This morning I found myself faced with two questions: am I the smartest one in the room? and do I want to be?
I was reading a book yesterday in which someone was described as the smartest one in the room. As my wife was in another room at the time, I was struck with the whimsical thought that the same could at that moment be said of me without contestation. So, armed with the serious issue of logical fallacy and the less serious opportunity to use contestation in an article, I resolved to write about the dangers of mistaking a comparison for a value judgement.
However, this morning I wondered if my smartness had been beyond contestation. Despite not getting enough sleep last night because my wife had to get up for a very early train and not having any urgent deadlines, I got up this morning to feed the cats rather than having a lie in. Una hunted my socks, hoovered up food like a black hole, and then went to sleep. Jasper followed me around until I fussed his head, munched some food, and then curled up to sleep.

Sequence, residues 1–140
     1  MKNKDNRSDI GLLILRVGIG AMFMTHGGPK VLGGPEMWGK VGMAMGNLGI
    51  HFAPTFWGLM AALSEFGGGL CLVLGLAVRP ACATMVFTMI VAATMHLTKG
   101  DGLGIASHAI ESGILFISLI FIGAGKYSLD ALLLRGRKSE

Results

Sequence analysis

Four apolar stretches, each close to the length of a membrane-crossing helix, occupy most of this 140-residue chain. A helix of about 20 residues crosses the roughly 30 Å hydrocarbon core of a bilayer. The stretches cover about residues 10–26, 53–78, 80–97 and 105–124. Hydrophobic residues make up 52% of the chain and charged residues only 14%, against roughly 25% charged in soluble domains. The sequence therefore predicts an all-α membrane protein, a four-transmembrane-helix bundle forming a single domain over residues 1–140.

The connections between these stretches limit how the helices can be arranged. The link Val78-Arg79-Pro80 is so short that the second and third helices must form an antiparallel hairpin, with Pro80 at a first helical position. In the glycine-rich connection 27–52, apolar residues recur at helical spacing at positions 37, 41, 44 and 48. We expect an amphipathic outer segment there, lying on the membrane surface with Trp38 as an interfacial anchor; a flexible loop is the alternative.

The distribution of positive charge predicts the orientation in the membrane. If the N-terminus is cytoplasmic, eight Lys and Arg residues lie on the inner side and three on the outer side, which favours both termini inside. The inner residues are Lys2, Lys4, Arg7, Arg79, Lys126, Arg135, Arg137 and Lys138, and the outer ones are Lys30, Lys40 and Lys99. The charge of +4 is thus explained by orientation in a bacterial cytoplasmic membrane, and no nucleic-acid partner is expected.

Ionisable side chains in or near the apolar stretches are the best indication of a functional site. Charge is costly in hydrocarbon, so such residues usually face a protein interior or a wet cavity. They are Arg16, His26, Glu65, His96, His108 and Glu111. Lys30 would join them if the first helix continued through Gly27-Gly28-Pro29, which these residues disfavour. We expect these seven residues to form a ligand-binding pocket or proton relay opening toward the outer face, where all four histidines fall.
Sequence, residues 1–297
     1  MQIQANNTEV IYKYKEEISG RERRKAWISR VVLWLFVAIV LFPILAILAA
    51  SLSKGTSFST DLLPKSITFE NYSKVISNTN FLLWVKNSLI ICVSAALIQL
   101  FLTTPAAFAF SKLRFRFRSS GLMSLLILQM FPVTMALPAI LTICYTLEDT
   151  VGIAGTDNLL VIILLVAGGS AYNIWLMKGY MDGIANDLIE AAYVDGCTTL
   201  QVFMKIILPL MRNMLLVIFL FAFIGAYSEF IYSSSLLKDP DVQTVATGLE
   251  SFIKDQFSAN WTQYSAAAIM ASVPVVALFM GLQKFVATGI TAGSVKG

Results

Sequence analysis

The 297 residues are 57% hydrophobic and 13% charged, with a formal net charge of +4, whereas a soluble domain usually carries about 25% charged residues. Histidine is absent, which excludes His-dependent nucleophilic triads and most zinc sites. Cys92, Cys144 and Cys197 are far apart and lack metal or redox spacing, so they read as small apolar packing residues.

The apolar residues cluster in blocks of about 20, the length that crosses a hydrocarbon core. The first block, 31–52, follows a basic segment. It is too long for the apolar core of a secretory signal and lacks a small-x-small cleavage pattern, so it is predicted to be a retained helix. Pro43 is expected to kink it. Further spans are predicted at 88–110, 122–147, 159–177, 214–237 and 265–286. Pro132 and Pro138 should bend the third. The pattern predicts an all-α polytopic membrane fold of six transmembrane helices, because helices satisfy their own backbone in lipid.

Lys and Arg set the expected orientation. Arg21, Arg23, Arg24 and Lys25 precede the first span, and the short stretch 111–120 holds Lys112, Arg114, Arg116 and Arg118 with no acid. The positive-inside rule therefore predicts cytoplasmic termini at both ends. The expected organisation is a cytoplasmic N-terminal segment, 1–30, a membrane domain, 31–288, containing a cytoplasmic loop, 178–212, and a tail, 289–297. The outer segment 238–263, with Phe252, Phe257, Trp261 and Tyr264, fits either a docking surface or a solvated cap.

After breakfast, I went shopping, did some admin, and tried to find out how to tell Windows 10 Update that an update to a program was failing because the program wasn’t installed. Una and Jasper bimbled over to me to bunt my arms, returned to the sofa, and then went back to sleep.
I began to doubt that – even in my wife’s absence – I had no challengers for smartest one in the room.
Of course, the things I did – while somewhat less relaxing – advanced longer goals; so I probably still win if you include awareness of consequences in the list of qualities for smartness.
Which is why I wonder if I want to be the smartest.
Of course, even if I weren’t I couldn’t curl up on the sofa. The cats have me beaten on expanding to fill all the available space too.